Teacher Has Unique Opportunity

GLASGOW — A Glasgow educator will get a rare opportunity this summer that will help bring her a greater understanding of the Holocaust to her students.

Casi Owens, a Glasgow Middle School teacher, has been selected as one of 25 teachers from across the United States to attend a seminar at the Memorial Library in New York City from July 6 to 18. The library was established in the former home of Olga Lengyel, a survivor of Auschwitz concentration camp.

Owens teaches seventh-grade writing and eighth-grade literature at the middle school. She has just completed her fifth year at the school. It’ s Owens first teaching position. The local woman graduated from Barren County High School and attended Western Kentucky University where she received her deg-ree in education. She also has her master’ s degree in counseling.

Dr. John Haga-man, a professor at WKU and leader of the university’ s writing project of which she is a member e-mailed an application to Owens and encouraged her to participate in the Holocaust Memorial Institute Seminar this summer.

She filled out the application and submitted a 10-page essay, which involved explaining what she teaches and how the Holocaust has impacted her work in the classroom and the different sources she uses — films, books, any type of media.

“My entire year is spent on tolerance and overcoming prejudice and we do a unit strictly on ‘ Diary of Anne Frank,’ the play, so I get to take all those lesson plans, make copies and share those … while I’ m in New York,” she said.

Owens and the 24 other teachers chosen from across the country will stay in dorms at Columbia University, but classwork will take place in the library.

“I’ m just really excited about getting to go,” she said. “My students have already decided that they’ re going to put themselves in my bag, in my luggage — they’ re going to be stowaways.”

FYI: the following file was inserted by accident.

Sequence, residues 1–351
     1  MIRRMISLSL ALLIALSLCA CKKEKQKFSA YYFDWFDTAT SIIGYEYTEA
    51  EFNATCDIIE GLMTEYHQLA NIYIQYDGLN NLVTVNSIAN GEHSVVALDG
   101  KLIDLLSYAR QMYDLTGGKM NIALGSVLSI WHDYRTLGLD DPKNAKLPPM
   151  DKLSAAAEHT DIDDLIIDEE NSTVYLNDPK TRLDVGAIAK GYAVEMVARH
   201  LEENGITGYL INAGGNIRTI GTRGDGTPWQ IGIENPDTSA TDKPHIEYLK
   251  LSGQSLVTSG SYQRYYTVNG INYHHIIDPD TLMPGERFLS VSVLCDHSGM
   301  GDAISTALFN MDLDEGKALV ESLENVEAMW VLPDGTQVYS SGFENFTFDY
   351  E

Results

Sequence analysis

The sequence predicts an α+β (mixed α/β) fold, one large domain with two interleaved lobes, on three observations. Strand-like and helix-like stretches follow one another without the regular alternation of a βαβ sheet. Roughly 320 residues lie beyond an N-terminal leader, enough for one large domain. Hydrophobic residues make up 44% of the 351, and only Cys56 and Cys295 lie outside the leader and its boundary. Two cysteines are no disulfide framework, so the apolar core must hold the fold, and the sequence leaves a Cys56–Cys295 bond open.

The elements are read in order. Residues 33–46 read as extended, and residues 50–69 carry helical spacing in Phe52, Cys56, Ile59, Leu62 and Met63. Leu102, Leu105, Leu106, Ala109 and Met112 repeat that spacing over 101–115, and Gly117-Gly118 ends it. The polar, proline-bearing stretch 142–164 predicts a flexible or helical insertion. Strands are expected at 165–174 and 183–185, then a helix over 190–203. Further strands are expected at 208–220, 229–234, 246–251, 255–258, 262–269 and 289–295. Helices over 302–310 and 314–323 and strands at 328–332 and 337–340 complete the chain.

She plans to use the opportunity to broaden her knowledge of the Holocaust and how other teachers are presenting the material to encourage her own students.

“I hope to bring back new information to share with my students to make them see how there’ s always possibilities,” she said. “Strength overcomes, so they’ re very excited. I’ m excited. They want to know more. They see Anne Frank, but they want to know more — who else was there — what else happened.”

Owens said her inspiration for teaching stories from the Holocaust as a way of promoting tolerance comes from her own educational background when she learned of the history of the mid-20th century and the story of Anne Frank and others.

She said her students move from disbelief to empathy as she goes through the information with them. She uses a PowerPoint presentation with photographs and images they haven’ t seen in regular textbooks.

“They just really seem engaged throughout the entire time,” she said. “It’ s good to reach them on any level, to get them motivated and encouraged. What better way to teach tolerance.”

Owens will be working with Sondra Perl, director of the Holocaust Educators Network; Jennifer Lemberg, an instructor at NYU who is also working as the project coordinator; and Alice Braziller, a New York City high school teacher and Writing Project teacher-consultant.

The fellowship is funded by the Memorial Library in New York City. The seminar is offered by Lehman College of the City University of New York.

For more detailed information, visit the Web site at www.holocausteducators.org.


For more information about The Olga Lengyel Institute for Holocaust Studies and Human Rights (TOLI), please contact info@tolinstitute.org

TOLI is located at 58 East 79th Street in Manhattan. (get directions)